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Should LINQ to SQL Go Open Source

by Jonathan Allen on Jul 24, 2008 |

More and more, LINQ to SQL is being seen as a temporary solution. With the impending release of ADO.NET Entity Framework, a lot of people are worried that development on LINQ to SQL will fall by the wayside. With Microsoft's long history of developing and discarding database access technologies, these concerns are not without merit.

Further compounding the issue is that LINQ to SQL has been transferred to the SQL Data Programmability team, the very same group working on ADO.NET Entity Framework. With their own project filling a similar role, it is hard to see them wanting to devote a lot of time to the adopted project.

So this raises the question, "Should LINQ to SQL Go Open Source?" Leon Bambrick asks that question and provides some analysis. One of the biggest concerns he raises is the liability issue, wherein Microsoft may be reluctant to ship something with the framework that has had external contributions. On the other hand, it might be what's needed to push through community-driven features such as mockability and multiple providers.

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Not completly temporary by Francois Ward

LINQ to SQL is for small to "less small" (not quite medium =P) solutions... half a notch up from Typed Datasets. LINQ to Entity doesn't replace that, and its with that mindset that LINQ to SQL was developed (also as an introduction to other ORMs, to put the idea on the map).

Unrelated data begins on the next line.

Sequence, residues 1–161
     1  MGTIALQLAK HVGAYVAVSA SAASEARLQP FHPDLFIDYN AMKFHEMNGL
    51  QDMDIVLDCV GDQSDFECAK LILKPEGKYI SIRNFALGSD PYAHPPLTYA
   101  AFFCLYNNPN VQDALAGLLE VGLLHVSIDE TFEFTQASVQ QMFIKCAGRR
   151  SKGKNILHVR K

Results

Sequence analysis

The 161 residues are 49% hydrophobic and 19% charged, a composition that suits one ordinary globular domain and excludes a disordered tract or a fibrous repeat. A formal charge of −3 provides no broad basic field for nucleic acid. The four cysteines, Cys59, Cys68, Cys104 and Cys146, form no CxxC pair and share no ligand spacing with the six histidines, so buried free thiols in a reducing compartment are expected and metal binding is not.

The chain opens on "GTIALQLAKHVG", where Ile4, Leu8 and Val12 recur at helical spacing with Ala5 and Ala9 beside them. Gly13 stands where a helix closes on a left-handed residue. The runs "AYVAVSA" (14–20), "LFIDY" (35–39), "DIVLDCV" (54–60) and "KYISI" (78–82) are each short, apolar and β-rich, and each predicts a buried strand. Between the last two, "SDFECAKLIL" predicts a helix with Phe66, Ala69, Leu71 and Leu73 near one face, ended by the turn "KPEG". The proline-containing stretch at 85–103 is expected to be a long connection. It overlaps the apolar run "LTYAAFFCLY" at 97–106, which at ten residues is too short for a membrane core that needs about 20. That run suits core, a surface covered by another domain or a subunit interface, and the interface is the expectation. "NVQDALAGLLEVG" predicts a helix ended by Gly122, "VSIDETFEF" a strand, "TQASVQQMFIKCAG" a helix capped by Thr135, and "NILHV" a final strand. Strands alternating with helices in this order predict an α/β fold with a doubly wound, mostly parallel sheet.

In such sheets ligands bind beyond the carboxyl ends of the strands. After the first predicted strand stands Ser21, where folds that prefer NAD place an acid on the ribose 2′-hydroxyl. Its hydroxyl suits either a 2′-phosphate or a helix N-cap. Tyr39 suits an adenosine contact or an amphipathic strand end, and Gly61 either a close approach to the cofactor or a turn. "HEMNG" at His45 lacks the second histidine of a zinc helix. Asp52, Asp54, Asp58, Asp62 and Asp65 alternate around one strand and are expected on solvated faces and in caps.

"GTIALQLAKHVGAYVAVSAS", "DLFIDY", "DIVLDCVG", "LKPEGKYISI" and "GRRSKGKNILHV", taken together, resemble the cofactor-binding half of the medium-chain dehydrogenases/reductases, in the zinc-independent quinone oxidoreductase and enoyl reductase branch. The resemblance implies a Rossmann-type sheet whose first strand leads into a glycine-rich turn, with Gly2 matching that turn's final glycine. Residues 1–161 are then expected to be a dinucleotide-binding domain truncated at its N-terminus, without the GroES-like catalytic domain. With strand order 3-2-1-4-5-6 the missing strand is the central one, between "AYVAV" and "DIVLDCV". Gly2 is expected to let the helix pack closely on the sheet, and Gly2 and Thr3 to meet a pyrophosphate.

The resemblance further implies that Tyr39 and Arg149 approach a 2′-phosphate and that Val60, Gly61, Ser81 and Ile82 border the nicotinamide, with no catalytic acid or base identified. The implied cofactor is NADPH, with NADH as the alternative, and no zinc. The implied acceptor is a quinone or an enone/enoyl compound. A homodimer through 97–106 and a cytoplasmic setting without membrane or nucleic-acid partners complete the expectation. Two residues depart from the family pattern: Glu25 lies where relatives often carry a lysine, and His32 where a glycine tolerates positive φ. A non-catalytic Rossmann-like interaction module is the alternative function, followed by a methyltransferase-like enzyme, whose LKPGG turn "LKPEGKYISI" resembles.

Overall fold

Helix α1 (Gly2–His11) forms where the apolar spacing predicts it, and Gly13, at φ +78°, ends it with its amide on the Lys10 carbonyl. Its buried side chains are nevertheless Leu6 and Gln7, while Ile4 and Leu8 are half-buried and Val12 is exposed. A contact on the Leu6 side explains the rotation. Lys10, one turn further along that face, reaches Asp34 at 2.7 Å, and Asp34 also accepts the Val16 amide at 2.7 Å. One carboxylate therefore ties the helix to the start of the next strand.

LINQ to SQL serves its purpose pretty well seen from that angle, so its probably fine.

LINQ to SQL was never even supposed to exist by Danijel Arsenovski

It would be a shame if LINQ to SQL proves to be only a temporary solution; now that it has been officially released I think Microsoft has a duty to provide a decent lifecycle for this product.
My biggest objections to LINQ to SQL are following:

1. LINQ to SQL works only with Microsoft SQL Server

2. LINQ to SQL is that it is no 100% POCO. Framework forces you to use System.Data.Linq.EntitySet type on "many" side of one-to-many relationship and EntityRef on the "one" side of one-to-many relationship.

3. Single table inheritance

These are not the only ones, but you have to give them some slack since this is the first version of the product.

Some interesting background on LINQ to SQL origins:
The LINQ to SQL was never even supposed to exist

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